Last year, Bekum America welcomed more than 200 students to tour its facility in Williamston, MI, on Manufacturing Day to see its blow-molding machinery in action and learn about career opportunities. Live visits are not an option this year because of COVID-19, so Bekum America conducted a virtual tour that included machine demonstrations, presentations by Bekum employees, and a walk-through of the Apprenticeship Training Center.
“We are excited to welcome so many students to join us in celebrating Manufacturing Day in a virtual environment this year,” said Steve London, Bekum President and COO. “We plan on sharing the many opportunities and experiences of modern manufacturing and showing students the benefits of joining our industry. Despite limitations associated with COVID-19, we are confident that students will get a great overview of our facility and our industry.”
As Clare Goldsberry notes in her article, “Manufacturing Day 2020 Celebrates an Essential Sector,” the annual event held on the first Friday of October honors manufacturers and showcases the manufacturing sector’s critical role in the US economy. “That was never made clearer than this year, when a global pandemic revealed just how crucial US manufacturing is across industry sectors,” writes Goldsberry.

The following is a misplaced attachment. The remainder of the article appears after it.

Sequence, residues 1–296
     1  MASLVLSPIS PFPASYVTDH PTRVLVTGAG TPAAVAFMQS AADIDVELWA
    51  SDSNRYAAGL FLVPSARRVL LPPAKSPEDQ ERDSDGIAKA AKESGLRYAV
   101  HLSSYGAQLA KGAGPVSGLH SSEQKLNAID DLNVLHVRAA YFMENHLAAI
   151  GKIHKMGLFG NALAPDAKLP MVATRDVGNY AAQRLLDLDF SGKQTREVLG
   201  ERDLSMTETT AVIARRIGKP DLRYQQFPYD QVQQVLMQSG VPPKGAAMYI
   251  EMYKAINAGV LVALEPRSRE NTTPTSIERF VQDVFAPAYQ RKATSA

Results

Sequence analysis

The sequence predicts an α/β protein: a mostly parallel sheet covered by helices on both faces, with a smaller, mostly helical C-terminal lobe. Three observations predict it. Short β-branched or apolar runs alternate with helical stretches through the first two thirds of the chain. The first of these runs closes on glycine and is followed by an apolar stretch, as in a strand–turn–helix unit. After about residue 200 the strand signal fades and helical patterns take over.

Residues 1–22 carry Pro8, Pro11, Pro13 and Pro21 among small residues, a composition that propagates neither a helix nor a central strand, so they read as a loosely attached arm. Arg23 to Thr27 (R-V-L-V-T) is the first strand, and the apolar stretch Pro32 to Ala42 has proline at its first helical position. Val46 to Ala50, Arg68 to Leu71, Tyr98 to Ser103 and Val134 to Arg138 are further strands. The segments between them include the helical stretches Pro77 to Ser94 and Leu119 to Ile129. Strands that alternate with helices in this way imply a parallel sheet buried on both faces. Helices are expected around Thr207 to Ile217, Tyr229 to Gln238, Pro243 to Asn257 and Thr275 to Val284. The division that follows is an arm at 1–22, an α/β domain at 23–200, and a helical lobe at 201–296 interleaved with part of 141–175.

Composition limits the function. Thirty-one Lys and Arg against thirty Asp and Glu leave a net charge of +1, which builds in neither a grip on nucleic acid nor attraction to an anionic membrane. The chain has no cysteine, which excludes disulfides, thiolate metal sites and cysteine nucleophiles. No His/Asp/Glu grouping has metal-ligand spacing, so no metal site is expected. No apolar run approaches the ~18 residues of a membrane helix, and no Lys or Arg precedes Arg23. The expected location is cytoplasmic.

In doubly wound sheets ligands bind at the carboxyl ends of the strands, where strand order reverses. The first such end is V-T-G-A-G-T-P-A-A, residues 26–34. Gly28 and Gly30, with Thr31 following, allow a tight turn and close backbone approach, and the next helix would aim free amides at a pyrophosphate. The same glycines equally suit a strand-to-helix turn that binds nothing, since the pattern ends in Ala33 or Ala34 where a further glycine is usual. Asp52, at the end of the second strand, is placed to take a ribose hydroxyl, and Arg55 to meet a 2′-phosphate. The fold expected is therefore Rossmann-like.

Manufacturing Day is also designed to correct misperceptions about the industry, stressed Bekum America. Notably, by visiting modern manufacturing facilities young people can see first-hand that these plants are far-removed from the Dickensian clichés of dirty and unsafe factories where workers resemble beasts of burden. On the contrary, advanced manufacturing is powered by automation, virtual reality, 3D printing, and many other advanced technologies. Bekum America also reports that manufacturers have the highest job retention rates in the private sector and that 90% of the workforce have medical benefits.
Nevertheless, the skills gap persists, and manufacturers continue to struggle finding employees to fill vacant positions as baby boomers retire en masse. One way that manufacturers are countering this trend is through partnerships with local educational institutions.
Bekum’s global headquarters is in Germany, where apprenticeship programs are commonplace and play a key role in fostering a steady stream of highly skilled workers. Bekum America, which was established in 1979, has developed its own apprenticeship program, working with various school districts, career centers, and local area high schools to identify and recruit students. Each apprentice must complete 8,000 hours of training and complete approximately 60 credit hours at Lansing Community College, working toward an associate degree.
Bekum established its Apprenticeship Program in 1994. In May of 2001, according to the Department of Labor, Bekum America graduated the two youngest, active journeymen in the United States. Approximately 50% of Bekum's manufacturing workforce have graduated from the apprenticeship program or are currently registered in the program, according to the company.